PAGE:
Rectangular Extension Table

rectangular extension table

  • (of a solid) Having a base, section, or side shaped like a rectangle

  • Denoting or shaped like a rectangle

  • Placed or having parts placed at right angles

  • having four right angles; "a rectangular figure twice as long as it is wide"

  • orthogonal: having a set of mutually perpendicular axes; meeting at right angles; "wind and sea may displace the ship's center of gravity along three orthogonal axes"; "a rectangular Cartesian coordinate system"

  • In Euclidean plane geometry, a rectangle is any quadrilateral with four right angles. The term is occasionally used to refer to a non-square rectangle. A rectangle with vertices ABCD would be denoted as .

  • A part that is added to something to enlarge or prolong it; a continuation

  • A room or set of rooms added to an existing building

  • act of expanding in scope; making more widely available; "extension of the program to all in need"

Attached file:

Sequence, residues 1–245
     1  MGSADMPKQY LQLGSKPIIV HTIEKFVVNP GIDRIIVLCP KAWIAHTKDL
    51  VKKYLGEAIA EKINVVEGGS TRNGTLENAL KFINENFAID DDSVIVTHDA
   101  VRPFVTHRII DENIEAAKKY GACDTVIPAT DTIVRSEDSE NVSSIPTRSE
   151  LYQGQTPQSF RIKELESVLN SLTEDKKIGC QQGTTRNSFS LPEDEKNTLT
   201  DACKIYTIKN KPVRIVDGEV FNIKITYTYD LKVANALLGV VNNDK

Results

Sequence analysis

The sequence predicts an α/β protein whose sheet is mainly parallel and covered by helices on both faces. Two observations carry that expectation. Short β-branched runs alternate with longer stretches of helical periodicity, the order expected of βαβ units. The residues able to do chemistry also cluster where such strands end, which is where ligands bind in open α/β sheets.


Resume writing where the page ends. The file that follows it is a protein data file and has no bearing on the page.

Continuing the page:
• a mutually agreed delay in the date set for the completion of a job or payment of a debt; "they applied for an extension of the loan"

  • propagation: the spreading of something (a belief or practice) into new regions

  • The action or process of becoming or making something larger

  • Postpone consideration of

  • postpone: hold back to a later time; "let's postpone the exam"

  • a piece of furniture having a smooth flat top that is usually supported by one or more vertical legs; "it was a sturdy table"

  • Present formally for discussion or consideration at a meeting

  • a set of data arranged in rows and columns; "see table 1"

871-873 Marcy Place

871-873 Marcy Place

Longwood Extension Historic District, Longwood, Bronx

This pair is identical to Nos. 861 and 863 Macy Place. The facades of Nos. 871 and 873, however, are unpainted except for the stoops and basement trim of No. 873. The brick color is orange. No. 873 has aluminum storm windows on the upper two floors, and the arched tops of the second story windows are filled in with panels.